Distribution of embeddable widgets is a common feature in many web services today. The most well known example is probably google's adsense that allows site owners to add google ads to their sites. Embeddable widgets allow a subset of functionality to be used on third-party sites, greatly increasing possible market reach for a web service / application.
Continue reading Creating embedabble widgets
Over the time I have developed for the web, I have read and heard many assumptions about development practices and technologies. This is my list of common misconceptions in (web) development:
1. OO code is less performant than procedural code
The number one argument against OO application design from procedural advocates. This argument is based more on intuition than fact. The usual examples pit short procedural code against equivalent OO code in which procedural code comes out triumphant as more terse and performant.
Continue reading Common misconceptions in web application development
Float is an often misunderstood CSS property, however when used properly it can be a very useful technique for implementing CSS layouts.
Quoting the CSS standards guide at the w3c website:
A float is a box that is shifted to the left or right on the current line.
This property specifies whether a box should float to the left, right, or not at all.
The float property pulls an element out of the normal flow and places it in either the left or right ends of the current line inside its containing block element. Other elements will then wrap around the floated element, providing they have enough space to do so (if the cumulative width of the elements is too wide, they will slide to the next line).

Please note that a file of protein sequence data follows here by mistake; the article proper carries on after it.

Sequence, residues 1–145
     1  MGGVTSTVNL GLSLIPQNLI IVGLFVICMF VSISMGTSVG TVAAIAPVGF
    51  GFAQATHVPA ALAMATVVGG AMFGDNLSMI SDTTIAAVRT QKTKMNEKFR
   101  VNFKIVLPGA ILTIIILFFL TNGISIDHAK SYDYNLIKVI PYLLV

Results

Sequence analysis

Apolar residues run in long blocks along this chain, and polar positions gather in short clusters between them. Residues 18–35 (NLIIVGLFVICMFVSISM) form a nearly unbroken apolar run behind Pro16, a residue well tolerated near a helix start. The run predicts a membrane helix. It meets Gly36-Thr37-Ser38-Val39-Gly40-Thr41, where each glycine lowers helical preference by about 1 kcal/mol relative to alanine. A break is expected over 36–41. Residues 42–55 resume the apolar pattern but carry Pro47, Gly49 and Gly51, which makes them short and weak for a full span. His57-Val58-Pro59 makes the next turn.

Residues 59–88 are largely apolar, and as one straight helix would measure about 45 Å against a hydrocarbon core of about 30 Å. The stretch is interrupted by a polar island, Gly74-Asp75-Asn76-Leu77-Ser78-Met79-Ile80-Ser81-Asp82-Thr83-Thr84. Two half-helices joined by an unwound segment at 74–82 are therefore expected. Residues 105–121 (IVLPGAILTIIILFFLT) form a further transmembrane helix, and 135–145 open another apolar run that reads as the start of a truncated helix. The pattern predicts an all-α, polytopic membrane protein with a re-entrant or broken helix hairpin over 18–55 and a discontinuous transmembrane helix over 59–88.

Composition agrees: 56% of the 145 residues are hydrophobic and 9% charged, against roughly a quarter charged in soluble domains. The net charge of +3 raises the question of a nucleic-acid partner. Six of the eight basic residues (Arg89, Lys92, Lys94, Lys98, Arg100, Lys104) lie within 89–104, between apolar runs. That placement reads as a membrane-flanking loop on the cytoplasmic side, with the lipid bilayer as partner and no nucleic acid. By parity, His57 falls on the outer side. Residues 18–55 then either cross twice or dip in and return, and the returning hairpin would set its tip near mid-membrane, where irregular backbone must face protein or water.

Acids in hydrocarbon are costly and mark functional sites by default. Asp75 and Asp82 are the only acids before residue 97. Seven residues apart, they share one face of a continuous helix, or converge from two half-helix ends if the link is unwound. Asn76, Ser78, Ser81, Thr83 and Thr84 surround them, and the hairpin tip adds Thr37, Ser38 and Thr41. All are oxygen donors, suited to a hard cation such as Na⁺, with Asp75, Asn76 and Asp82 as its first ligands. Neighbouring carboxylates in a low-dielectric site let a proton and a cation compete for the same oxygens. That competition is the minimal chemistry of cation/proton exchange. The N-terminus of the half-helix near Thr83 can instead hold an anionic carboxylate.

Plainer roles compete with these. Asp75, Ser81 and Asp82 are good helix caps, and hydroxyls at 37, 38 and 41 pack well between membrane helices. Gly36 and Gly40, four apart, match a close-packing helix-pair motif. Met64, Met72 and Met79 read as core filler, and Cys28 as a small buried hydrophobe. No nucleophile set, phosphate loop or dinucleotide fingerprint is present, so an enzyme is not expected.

Continue reading Clearing the floats, overflowing the layout
Left for dead by many, HTML resurfaced half a year ago when the w3 released a working draft for the next version of this markup language. The draft was recently updated and a document detailing the differences from the previous version was released as well.
Continue reading HTML 5 shaping up nicely
Providing an RTE (Rich Text Editor or WYSIWYG editor) in CMS applications is considered standard nowadays. It allows non-technical content editors to format content and add media without having to learn HTML/CSS or specific CMS markups (such as BBcode or wiki markup).
There are several problems with most RTE packages that somewhat limit their effectiveness - They produce non-standards compliant HTML markup (using FONT tags and Tables heavily), and they are usually a relatively heavy download (~150kb packed). For a site weighing at around 50kb-60kb integrating a 150kb RTE is a painful decision.
WYMEditor attempts to provide a standards-compliant light-weight alternative, that also shows you the type of markup that is being edited (such as Header, Paragraph etc.). It removes the ability to hand select styles such as colors and borders, instead forcing the editor to use style sheets to separate markup from styling. It's an interesting approach and one that I hope will catch on.
For some more in depth comparison of RTE's read this overview from Standards Schmandards.